Road safety & youth focused on in Global Youth Development Report 2020

Road safety & youth focused on in Global Youth Development Report 2020

We have reached an important milestone for youth and road safety in the Commonwealth agenda with the launch of the Commonwealth Youth Development Index (YDI) - a resource to track the progress on the Sustainable Development Goals associated with youth development. Secretary-General of Towards Zero Foundation, Jessica Truong talks about this important milestone in her blog for the Commonwealth Road Safety Initiative. We reproduced it here: 

 

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Today marks a significant milestone for youth and road safety with the launch of the Commonwealth Youth Development Index (YDI). For the first time, the Commonwealth has recognized and focused on road safety as the leading cause of death for young people and included a chapter on its importance in the YDI. The chapter, authored by the Towards Zero Foundation (TZF) and Youth for Road Safety (YOURS), highlights the importance of prioritizing road safety and the involvement of youth in the path to sustainable development within the Commonwealth.

Everyone has the right to be safe on our roads and no child should have to fear the walk to school, but unfortunately, this is not the reality for many of us in this world. For those that live in low-income countries, the inequality in safety is far greater, with these countries having a road fatality rate 3 times that of high-income countries. Having said that, even high-income countries can do better to keep people safe on the roads.

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When we think about what the most pressing public health issues are to address globally or even at a country level, the first thoughts might perhaps be cancer or heart disease. Very rarely will you hear road trauma being mentioned. However, road safety is one health issue that has an impact on every single person no matter where they live. Everyone uses the road in some way whether as a driver, passenger, cyclist, motorcyclist or pedestrian and that is why road safety should concern everyone. It is a sad reality that road trauma is reaching crisis proportions globally, with over 1.35 million killed each year and millions more seriously injured. Many of the countries most greatly affected reside within the Commonwealth region, where over 500,000 lose their lives every year. And we should be especially concerned that road trauma is the number one killer of our young people aged between 5-29. It is undoubtedly the biggest health threat our young people face today.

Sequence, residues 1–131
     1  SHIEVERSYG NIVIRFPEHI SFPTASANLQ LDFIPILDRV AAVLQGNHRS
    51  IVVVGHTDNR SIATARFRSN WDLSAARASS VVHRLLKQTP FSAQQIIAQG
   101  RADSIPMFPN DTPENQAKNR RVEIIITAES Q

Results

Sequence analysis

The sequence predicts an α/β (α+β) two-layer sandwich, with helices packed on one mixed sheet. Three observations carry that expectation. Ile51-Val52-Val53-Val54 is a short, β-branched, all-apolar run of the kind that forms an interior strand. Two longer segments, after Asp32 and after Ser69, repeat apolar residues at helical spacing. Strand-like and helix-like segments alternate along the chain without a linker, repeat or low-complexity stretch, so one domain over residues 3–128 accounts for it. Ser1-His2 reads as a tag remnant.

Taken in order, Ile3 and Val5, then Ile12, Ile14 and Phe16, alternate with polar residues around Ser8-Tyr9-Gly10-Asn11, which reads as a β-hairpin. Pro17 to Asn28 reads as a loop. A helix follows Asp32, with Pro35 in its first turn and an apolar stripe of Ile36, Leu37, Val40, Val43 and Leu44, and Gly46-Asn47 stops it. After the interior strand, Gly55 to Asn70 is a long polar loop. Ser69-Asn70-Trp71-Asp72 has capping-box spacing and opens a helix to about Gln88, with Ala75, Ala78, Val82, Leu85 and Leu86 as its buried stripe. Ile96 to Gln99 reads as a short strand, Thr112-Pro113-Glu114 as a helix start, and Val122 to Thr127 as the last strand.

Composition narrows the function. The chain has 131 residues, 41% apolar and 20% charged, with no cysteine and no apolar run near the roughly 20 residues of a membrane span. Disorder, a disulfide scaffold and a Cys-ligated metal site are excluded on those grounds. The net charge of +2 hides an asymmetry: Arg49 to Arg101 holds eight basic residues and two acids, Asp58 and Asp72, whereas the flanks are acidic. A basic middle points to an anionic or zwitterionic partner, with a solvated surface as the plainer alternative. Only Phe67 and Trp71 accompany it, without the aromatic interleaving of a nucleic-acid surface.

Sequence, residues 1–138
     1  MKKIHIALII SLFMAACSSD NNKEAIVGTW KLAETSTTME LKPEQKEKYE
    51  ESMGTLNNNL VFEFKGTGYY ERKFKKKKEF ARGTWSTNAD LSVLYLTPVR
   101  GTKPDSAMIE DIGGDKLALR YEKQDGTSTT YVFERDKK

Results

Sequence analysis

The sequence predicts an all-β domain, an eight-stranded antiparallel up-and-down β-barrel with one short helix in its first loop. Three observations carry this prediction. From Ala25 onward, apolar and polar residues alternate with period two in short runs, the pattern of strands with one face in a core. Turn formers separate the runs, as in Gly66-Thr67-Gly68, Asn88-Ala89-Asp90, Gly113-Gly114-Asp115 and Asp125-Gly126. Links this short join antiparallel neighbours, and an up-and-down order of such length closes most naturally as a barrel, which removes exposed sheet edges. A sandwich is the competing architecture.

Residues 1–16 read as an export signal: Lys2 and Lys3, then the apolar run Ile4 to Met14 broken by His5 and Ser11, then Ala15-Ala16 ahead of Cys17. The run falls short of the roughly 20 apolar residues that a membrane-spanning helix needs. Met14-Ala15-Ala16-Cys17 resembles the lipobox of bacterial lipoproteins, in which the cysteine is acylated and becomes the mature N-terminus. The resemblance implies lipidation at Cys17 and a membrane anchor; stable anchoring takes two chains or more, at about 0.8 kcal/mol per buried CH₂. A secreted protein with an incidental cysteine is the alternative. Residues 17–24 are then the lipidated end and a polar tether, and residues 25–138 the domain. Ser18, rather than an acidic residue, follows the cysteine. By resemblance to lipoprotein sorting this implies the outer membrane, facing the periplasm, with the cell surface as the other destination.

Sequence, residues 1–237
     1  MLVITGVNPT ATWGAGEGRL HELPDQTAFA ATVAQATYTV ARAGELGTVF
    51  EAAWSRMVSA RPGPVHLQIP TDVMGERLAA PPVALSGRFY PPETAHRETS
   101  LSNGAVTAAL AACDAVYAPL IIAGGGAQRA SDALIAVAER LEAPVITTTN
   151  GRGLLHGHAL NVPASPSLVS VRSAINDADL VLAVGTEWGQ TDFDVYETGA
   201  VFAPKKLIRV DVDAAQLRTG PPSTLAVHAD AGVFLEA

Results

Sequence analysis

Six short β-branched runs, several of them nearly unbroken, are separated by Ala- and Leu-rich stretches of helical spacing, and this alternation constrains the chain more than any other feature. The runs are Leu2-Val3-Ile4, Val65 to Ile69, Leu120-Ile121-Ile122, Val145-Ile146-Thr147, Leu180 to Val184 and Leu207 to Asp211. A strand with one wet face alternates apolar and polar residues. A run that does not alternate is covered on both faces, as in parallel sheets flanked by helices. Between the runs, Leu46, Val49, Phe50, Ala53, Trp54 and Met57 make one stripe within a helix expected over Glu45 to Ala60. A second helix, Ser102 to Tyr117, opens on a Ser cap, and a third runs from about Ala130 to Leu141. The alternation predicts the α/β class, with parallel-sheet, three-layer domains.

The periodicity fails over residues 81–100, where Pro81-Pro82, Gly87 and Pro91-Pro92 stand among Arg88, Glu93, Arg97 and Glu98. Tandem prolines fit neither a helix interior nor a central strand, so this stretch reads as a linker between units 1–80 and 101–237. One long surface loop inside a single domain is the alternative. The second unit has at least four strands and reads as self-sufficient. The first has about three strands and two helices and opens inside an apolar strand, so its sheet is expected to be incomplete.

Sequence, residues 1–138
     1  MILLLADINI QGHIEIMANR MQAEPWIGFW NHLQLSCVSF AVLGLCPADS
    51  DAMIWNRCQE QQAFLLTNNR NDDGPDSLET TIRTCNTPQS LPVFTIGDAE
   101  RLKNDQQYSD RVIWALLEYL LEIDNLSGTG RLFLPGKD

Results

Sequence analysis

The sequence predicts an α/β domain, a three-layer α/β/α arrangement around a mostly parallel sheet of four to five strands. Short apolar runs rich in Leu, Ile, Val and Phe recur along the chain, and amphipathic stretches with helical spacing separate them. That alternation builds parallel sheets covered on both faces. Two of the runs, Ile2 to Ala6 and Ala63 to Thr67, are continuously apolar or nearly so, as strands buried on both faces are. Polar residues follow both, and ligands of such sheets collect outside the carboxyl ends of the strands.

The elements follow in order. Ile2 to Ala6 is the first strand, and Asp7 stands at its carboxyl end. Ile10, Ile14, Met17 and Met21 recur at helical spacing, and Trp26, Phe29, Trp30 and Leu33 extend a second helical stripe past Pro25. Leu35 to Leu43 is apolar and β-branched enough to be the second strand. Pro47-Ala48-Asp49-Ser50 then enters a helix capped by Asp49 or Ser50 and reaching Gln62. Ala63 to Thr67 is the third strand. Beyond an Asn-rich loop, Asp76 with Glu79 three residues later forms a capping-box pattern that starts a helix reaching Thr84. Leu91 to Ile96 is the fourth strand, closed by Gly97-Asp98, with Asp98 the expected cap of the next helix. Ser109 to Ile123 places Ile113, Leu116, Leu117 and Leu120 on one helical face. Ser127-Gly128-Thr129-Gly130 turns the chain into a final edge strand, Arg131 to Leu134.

screen shot 2021 08 10 at 10 09 36 pmWithin the Commonwealth, where over 60% of its population is aged under 30, priority actions and leadership are needed to secure the safety and future of young people. And the research is clear. If nothing is done and the current road trauma trends continue, many countries within the Commonwealth will see even more people being killed every year. That is why it is so urgent for the Commonwealth to shine a light on road trauma and make it a priority public health issue to be addressed.